By Laxmi Parmeswar, MA MS LPC, DCC (US based Licensed Psychotherapist and Clinical Psychologist)
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A wise eighty-three year old Uncle in my family recently imparted two profound pieces of advice to many of us-“don’t borrow money from anyone, especially a relative” and “don’t give money to anyone, especially a relative and expect it back”. Wise words from a man who had plenty of opportunities to do both in his lifetime. After all, no one really wants to borrow money; it typically comes from a place of need and/or desperation. Still, resist it strongly, was my uncle’s point of view.
Money is a very interesting commodity. It is a symbol of power and fame, it is often used as a weapon, it can make or break relationships; it can be spent freely or hoarded mercilessly and still retain its power, it can be hidden or flaunted and yet be a socio-cultural obsession; it can be used to lift the human condition or it can destroy the mind, heart and soul. How much is too much and how little is too little is ALWAYS a personal preference and changes throughout a person’s life.
Can money buy happiness? A poor person may say yes and a rich person may typically say no. While money doesn’t guarantee happiness, it may be better to be rich and unhappy than poor and unhappy! Smiles apart, each one of us has a unique relationship with money that we may not think about or talk about; but it plays a very important role in our worldview, our relationships, our capacity for intimacy, our sense of self and our inner peace. We are taught to assess the value of objects and experiences in terms of money but as adults, we have the choice to determine the value of money in our lives.
Married couples make decisions about finances by merging them or keeping them separate. Within marriages, one person may control the purse strings and therefore wield more power in the relationship. In joint families, business families and non-nuclear, blended families, relationships are complicated and the undercurrents of money impact members in several permutations and combinations.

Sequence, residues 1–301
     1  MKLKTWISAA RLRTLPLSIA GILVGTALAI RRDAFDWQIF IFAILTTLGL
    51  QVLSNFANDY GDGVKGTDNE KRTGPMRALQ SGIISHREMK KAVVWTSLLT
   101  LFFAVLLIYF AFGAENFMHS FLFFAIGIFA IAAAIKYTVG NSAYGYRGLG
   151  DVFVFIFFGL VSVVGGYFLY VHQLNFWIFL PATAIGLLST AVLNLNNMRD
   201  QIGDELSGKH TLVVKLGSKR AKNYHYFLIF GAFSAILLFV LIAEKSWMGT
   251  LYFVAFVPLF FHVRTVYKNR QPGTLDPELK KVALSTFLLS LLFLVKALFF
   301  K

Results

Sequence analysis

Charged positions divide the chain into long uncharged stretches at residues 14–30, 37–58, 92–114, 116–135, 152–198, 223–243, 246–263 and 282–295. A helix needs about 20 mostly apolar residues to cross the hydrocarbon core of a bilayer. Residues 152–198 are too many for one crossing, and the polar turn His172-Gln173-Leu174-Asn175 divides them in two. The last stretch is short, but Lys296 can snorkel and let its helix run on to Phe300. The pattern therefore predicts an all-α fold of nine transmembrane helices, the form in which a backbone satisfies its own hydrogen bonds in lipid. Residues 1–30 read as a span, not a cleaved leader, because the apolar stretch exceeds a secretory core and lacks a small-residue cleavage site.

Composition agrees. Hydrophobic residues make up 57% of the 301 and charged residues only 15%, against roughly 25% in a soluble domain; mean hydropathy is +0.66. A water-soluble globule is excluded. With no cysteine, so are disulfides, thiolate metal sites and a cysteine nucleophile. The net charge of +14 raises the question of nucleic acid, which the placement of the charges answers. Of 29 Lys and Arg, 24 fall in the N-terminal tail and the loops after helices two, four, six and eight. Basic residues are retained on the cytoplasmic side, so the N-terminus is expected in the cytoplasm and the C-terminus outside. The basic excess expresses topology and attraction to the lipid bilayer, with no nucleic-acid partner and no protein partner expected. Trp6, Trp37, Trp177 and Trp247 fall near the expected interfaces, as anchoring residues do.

The REAL question is does money affect intimacy in marriages? According to a recent survey from “Money Magazine”, couples fight twice as much about money as they do about sex or children.! Although, not a scientific study, the survey makes me realize the cumulative effect money has on couples through their married life. Communication, in marriages (and most relationships) is the answer to almost all questions related to why they fail!
One common myth is that "good people don’t consider money as necessary or important". That’s similar to saying that food is not that necessary or important! They’re both important- necessary for survival and more. They are both means to create a better quality of life.
Poverty is one of the most gut-wrenching ills of society and ALL OF US bear some responsibility in addressing it by offering our time, talent or treasure. Generosity of the human spirit is the need of the hour!
Is it possible that some of us have a ‘dysfunctional’ relationship with money? Our excessive pursuit of it or lack thereof may be affecting our relationships, friendships with others? Do we value money far more than our connections with ourselves and our humanity? Is society’s obsession over success and prosperity creating a culture of greed and intolerance with one another?
After all, we can’t take money with us in the final journey!!!! All we can hope to leave is a legacy for future generations!!!!